8 December, 2016
CMO interview: Bringing The Power Of Cognitive Computing To Marketing And Customer Engagement
OpenText global CMO shares how he’s tapping into machine learning and artificial intelligence to improve the way the enterprise software vendor engages with customers.
Cognitive computing and machine learning are among the top buzzwords of 2016, and judging from the product roadmaps of most martech and adtech vendors, they’re going to dominate headlines again in 2017.
OpenText is one of a raft of software players heavily investing into next-generation cognitive computing capabilities to complement its information and communications management offerings. And much like its rival, IBM, the vendor is looking to external partners, line-of-business executives and importantly, marketers, to come up with the best use cases for its application.
During a recent visit to Sydney, OpenText’s global CMO, Adam Howatson, sat down with CMO to discuss how cognitive computing can be applied to marketing and customer experience and engagement, how his team is using the power of machine learning, and what the future of digital marketing looks like in a world where automation of intelligence-based tasks is commonplace.
How is cognitive computing playing out in OpenText’s product roadmap?
Artificially intelligent cognitive systems and automation of those human intelligence tasks is at the forefront of what we are doing.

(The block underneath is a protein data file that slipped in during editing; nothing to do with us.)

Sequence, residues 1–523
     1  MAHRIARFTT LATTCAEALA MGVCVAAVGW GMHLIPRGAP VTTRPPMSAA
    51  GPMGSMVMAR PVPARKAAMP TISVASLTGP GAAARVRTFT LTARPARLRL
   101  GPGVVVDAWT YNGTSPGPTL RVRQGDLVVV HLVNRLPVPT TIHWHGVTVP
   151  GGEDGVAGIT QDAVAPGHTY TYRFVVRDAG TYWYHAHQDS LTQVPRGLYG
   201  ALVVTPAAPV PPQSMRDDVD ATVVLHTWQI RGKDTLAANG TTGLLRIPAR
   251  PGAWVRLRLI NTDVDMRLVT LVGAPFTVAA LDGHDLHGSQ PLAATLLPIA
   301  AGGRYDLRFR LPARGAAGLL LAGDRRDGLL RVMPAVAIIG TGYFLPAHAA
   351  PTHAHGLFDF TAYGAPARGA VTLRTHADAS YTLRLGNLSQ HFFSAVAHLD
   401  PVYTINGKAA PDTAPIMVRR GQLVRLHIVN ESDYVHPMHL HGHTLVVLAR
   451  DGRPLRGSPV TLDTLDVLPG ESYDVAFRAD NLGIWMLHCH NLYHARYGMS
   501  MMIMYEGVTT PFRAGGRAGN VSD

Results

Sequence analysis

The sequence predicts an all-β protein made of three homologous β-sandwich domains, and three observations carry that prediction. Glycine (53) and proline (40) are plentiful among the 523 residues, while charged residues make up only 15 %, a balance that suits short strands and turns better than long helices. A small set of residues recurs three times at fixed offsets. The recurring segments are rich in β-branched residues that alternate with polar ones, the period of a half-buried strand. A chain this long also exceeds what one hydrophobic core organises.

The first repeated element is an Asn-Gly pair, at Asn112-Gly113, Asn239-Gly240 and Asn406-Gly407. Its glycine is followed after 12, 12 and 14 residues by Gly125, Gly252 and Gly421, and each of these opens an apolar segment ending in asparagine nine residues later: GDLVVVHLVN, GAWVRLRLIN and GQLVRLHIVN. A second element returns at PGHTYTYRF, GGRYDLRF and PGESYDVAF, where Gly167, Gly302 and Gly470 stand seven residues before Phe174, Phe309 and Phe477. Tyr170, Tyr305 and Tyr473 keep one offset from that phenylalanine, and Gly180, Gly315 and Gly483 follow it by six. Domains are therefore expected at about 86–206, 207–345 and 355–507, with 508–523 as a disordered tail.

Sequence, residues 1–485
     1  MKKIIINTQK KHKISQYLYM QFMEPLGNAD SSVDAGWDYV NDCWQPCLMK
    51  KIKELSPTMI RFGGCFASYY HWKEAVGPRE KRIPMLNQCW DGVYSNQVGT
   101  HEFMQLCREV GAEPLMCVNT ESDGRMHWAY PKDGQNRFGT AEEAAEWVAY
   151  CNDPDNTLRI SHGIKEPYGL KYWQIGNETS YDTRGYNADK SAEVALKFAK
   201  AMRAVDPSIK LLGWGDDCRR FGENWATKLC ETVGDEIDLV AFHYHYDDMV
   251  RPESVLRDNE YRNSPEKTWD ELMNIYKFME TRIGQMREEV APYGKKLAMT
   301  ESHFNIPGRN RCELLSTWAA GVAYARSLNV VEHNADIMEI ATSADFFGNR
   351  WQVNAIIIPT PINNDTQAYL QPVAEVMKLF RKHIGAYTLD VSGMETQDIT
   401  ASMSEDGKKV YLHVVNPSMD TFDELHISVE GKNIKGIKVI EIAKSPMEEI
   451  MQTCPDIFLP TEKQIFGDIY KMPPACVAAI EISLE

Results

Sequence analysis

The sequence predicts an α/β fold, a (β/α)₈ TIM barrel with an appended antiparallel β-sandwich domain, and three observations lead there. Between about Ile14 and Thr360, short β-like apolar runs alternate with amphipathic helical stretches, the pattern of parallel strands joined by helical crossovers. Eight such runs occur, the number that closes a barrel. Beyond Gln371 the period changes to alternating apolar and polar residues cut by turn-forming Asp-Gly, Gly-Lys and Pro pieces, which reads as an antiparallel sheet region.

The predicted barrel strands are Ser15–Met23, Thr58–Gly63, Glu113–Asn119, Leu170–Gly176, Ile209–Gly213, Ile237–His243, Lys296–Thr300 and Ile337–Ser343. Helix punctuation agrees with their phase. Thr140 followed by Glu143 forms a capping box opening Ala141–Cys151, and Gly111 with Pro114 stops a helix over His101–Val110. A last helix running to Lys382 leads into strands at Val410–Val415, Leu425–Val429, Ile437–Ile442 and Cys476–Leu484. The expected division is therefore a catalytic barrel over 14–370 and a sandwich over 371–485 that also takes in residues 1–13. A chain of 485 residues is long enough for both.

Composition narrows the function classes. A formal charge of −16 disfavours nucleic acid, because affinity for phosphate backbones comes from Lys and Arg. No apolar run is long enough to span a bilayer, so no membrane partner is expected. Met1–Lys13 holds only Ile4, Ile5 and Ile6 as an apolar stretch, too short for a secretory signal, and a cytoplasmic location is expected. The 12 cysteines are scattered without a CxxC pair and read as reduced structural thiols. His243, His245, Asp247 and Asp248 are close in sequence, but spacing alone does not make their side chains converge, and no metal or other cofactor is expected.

Cognitive computing for OpenText is based on our foundation of EIM [Enterprise Information Management]. Core capabilities include using pattern analysis and machine intelligence in an analytics platform that can derive insight, create prediction from large data sets. But to do that, you have to have a few fundamental building blocks, such as natural language processing, image and video recognition, text mining and semantic analysis. We have all of those, as well as predictive and prescriptive capabilities.
We’re applying this cognitive analytics to our EIM solution, which really is the memory of an organisation. It houses every contract, commercial interaction, electronic data transaction, customer experience via the website, ecommerce – the list goes on. As an organisation, you’re not going to want a shared cognitive platform trained on information similar to your competitors. Nor are you going to want to submit your proprietary data to train a system that would be used by competitors, because you lose the competitive advantage in doing that. We’re able to create and train that system based on the information specific to you.
Then as you build cognitive systems, you need to understand what insights you’re looking to garner.
A project I’m undertaking right now is using cognitive to take and analyse every RFP, RFX, RFI and proposal we have ever written as an organisation. That’s tens of thousands of pieces of content that would be impossible for a group of humans to analyse. We’re looking to come up with an objective opinion as to what, as an aggregate, customers are asking for.